The best way to describe Armies of Exigo, the first real-time strategy game offering from Black Hole Entertainment and published by Electronic Arts, would probably be the following: take the game design of StarCraft, add some game-play and graphical elements from Warcraft III, throw them into a blender, add a few new twists, and hit the “mince” button. What you get is a delicious, but familiar-tasting, RTS smoothie.
The first thing that hit me when I booted up AoE was the fully-3d intro movie. It just instantly reminded me of the high-quality movies Blizzard has included in their own Warcraft and StarCraft lines. Even the characters in the 3-minute-or-so intro look like they were taken out of a Warcraft-style game environment. The quality is almost Hollywood-studio like, and this is the kind of full-motion video you would expect to see in a feature film.
When you actually get into the game, the feeling of deja-vu continues. The layout of the screen is very similar to Warcraft or StarCraft, with your “supplies” and “gold” totals on the top of the screen, your unit status on the bottom, and a menu of options in the lower right-hand corner. The controls are, no surprise, about 80% identical to Blizzard’s games. The actual races you are allowed to control are extremely similar to the races Blizzard has used: there is an Alliance-sort of race that includes humans, elves and dwarves; there is an Orc group that incorporates all kinds of monsters that are called the Beasts; and then you have a third faction that is a strange combination of the Undead from Warcraft III and the Zerg from StarCraft. There are a lot of bug-like creatures that look like they could be the cousins of the Zerg, and the ground you build on with this race becomes covered with a purple-like goo…which was called “the creep” in StarCraft and was pretty much blatantly taken from that game.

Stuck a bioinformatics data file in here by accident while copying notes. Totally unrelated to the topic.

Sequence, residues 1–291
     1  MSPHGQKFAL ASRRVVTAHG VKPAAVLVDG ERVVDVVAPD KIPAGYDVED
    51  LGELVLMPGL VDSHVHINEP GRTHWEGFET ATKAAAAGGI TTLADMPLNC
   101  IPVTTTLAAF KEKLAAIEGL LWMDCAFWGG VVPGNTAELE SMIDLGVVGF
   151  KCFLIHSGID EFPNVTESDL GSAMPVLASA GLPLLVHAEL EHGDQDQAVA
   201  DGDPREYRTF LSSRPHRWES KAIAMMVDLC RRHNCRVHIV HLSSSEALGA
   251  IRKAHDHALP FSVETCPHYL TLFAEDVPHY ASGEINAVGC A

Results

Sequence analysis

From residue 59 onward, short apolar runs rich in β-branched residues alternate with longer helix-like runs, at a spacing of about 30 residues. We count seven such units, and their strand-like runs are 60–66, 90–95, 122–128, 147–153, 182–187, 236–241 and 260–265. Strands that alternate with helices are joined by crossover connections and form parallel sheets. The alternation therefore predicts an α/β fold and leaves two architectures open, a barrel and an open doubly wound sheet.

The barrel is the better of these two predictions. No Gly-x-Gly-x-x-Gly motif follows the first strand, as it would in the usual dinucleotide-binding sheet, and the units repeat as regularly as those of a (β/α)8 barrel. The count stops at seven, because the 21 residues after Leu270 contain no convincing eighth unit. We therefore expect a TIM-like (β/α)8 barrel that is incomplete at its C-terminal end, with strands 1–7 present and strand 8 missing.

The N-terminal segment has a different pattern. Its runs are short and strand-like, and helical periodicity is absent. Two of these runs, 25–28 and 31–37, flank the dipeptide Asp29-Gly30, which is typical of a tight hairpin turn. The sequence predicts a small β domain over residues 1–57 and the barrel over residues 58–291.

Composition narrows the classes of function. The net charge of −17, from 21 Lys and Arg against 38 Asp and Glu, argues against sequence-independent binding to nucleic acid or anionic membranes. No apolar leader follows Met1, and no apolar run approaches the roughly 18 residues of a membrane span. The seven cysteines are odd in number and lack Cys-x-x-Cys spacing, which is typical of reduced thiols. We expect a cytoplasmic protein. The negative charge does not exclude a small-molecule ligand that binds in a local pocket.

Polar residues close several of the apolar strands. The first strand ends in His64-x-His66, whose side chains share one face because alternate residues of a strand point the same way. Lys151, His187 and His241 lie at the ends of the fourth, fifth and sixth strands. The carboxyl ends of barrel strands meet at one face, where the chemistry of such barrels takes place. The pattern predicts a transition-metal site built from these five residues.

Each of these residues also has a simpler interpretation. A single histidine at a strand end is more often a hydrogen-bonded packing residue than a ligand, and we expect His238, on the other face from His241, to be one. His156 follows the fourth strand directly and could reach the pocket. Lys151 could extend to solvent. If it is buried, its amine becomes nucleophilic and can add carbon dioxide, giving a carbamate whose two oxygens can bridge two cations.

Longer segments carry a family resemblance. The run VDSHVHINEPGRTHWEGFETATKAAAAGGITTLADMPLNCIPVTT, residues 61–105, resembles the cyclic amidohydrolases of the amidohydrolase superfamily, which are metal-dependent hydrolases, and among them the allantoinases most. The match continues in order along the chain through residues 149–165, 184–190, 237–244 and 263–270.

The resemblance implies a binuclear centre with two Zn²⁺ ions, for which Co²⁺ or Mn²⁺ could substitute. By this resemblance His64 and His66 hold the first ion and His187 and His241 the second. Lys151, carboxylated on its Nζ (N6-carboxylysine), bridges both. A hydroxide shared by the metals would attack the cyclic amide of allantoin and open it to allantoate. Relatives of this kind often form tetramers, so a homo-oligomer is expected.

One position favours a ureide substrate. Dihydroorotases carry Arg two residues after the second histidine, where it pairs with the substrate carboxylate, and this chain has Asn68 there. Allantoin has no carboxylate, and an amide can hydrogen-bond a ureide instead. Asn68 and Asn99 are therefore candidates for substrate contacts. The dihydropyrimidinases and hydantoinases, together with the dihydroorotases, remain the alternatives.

Okay, obviously there are a lot of similarities between Armies of Exigo and Blizzard’s past RTS games. But what is new and unique about this game? Well, for one, all of the graphics are fully-3d and beautifully rendered. The voice-over acting is also above average, although there are a few known audio bugs with the game. The selling point of Armies of Exigo is a new, dual-level system. Basically, every map has not only an “overworld,” but a totally separate “underworld” beneath. This sets up for unique strategies like a two-pronged attack, or an ambush by going underneath your opponents and then attacking them from both front and behind at once. This is the first time the dual-level system has been introduced, and it’s definitely interesting.
Ultimately, the worth of a game is determined by its game-play. How do the borrowings from Blizzard’s past RTS games, and the new dual-level system, add up to be a complete experience?